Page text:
Despite a two-decade investment of blood and treasure by the United States, the Afghanistan government seems unprepared to prevent the Taliban from wreaking havoc.

The United States can’t fix that. It can make sure that the Afghans who believed in and trusted America enough to help it try are neither left behind nor left out.

Between 2004 and 2014, the U.S. admitted more than 48,600 Afghans through a Special Immigrant Visa (SIV) program in recognition of the risks taken by those who were willing to work with American soldiers and military contractors. Many who did the same thing are now desperately trying to get themselves and their families to safety as America rushes to end its military presence there and leave.

President Joe Biden promised that the U.S. would not turn its back on these Afghans as the Taliban tightens its grip. After too-long delays, 221 interpreters, drivers and others finally arrived on American soil last week. About 2,500 will do the same in coming days.

It’s a start, but not enough. The need for additional paperwork approvals may divert another 4,000 refugees to Qatar, Kuwait, Kazakhstan and Kosovo if diplomatic negotiations are successful.

TV images of American helicopters leaving desperate people behind on the roof of the Saigon embassy at the end of the Vietnam War are burned into the memories of those old enough to have watched. An Afghan version of this horror should not be repeated.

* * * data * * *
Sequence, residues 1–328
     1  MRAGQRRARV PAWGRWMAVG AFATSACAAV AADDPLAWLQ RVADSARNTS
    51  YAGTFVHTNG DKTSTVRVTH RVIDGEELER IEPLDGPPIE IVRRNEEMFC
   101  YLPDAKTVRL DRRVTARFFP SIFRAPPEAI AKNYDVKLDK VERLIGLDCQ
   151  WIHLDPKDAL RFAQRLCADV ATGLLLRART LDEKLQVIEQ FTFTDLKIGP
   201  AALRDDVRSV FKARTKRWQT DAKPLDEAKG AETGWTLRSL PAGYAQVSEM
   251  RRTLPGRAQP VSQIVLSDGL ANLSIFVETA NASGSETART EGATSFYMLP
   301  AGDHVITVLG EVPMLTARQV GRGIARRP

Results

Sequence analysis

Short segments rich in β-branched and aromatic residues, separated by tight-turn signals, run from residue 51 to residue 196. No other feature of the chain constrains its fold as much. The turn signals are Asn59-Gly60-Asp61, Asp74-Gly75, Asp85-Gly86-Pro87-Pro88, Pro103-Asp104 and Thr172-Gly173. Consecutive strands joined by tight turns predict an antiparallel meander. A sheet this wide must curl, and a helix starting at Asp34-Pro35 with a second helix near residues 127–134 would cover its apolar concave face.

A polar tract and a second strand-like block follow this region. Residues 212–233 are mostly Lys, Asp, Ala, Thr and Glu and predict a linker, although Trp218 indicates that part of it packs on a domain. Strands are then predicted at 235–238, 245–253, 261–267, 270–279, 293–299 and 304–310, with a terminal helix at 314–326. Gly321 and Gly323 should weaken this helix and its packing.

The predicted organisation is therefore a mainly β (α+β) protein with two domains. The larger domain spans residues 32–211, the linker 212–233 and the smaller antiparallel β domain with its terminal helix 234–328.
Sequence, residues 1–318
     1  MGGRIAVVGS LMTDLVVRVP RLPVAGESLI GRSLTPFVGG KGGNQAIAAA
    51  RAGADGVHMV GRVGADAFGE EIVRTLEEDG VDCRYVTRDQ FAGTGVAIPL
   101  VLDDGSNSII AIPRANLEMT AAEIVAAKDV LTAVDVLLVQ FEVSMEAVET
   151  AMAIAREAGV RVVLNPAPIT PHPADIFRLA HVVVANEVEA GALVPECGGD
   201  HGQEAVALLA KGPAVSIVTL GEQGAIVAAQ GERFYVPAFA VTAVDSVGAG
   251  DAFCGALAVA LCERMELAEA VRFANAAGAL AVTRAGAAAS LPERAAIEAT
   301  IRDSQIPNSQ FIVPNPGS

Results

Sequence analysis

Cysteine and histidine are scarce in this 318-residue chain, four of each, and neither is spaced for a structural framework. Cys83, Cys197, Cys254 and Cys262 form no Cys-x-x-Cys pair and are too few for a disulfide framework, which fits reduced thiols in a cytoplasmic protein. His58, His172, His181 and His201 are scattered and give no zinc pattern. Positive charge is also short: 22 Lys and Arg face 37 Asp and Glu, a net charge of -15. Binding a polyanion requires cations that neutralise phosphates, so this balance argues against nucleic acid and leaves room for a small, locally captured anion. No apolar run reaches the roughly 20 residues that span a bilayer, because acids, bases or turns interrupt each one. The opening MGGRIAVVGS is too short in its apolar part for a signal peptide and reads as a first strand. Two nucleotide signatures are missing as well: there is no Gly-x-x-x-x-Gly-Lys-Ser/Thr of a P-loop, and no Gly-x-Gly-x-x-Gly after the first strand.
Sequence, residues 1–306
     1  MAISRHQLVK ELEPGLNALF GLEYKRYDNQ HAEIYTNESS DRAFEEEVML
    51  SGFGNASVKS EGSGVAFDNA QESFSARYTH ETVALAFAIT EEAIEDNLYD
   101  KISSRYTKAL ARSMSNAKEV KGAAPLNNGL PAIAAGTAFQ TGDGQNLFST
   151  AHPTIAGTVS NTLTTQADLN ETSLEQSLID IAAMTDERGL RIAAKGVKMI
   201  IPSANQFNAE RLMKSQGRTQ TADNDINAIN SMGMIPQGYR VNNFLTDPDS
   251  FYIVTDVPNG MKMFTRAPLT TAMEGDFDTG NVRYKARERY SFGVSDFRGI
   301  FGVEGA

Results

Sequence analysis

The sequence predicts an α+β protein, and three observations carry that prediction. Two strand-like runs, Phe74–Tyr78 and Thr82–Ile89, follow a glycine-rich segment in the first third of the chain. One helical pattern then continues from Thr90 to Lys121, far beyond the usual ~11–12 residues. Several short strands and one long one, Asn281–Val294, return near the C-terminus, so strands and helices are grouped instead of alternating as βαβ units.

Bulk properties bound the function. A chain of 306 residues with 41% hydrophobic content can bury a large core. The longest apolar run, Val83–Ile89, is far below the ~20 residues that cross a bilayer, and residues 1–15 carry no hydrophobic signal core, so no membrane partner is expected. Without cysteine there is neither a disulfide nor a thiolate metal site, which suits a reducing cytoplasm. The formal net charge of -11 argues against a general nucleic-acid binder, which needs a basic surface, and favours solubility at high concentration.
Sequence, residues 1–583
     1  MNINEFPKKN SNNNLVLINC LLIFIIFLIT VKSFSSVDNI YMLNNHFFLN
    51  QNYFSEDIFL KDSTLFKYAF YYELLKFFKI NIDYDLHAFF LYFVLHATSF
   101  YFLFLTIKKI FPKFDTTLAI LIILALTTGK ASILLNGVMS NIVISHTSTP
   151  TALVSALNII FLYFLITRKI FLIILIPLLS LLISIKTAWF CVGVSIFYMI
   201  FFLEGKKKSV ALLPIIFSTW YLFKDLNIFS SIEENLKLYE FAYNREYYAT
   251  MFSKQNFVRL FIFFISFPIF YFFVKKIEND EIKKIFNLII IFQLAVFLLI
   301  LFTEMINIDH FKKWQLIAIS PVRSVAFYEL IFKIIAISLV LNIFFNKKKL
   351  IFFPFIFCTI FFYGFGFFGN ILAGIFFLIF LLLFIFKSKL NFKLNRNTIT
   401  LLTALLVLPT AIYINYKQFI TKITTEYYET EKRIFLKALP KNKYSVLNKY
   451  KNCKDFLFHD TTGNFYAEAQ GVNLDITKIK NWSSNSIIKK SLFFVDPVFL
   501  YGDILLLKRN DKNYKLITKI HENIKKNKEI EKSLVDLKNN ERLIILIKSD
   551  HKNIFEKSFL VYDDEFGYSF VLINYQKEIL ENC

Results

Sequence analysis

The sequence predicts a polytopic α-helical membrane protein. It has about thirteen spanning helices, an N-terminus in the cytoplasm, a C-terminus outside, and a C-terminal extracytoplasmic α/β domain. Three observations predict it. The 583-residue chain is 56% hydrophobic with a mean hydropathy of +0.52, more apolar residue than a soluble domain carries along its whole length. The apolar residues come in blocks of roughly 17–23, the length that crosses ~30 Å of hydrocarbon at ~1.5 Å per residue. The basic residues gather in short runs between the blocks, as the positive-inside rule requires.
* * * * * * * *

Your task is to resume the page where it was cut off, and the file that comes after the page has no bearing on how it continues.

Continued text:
The government should sort out paperwork and address security risks later. The thousands of helpers who have applied for SIVs have to be airlifted to Guam or American bases before it is too late to cover their retreat.

Those who make it to America won’t find it an easy transition. This is a different culture. Family members left behind will often be in danger. Speaking their own language, even to their children, will too often prompt discomfort when someone thoughtlessly growls, “Speak English.”

The Olympic Games have provided an example of why we should be aggressive in helping those who helped us. Last week, Sunisa Lee won the all-around gold medal in gymnastics. Lee is Hmong-American.

The Laotian Hmong helped Americans in that long-ago Southeast Asian war. Like Afghans now, they came as refugees to live in peace and give their children a future. The result is an exceptional athlete and a fine young citizen.

The United States must not abandon any of its Afghan helpers. This nation’s honor is at stake. So is its future.

“Our View” represents the opinion of the newspaper editorial board, which is made up of members of its board of directors. Remarks may be directed to

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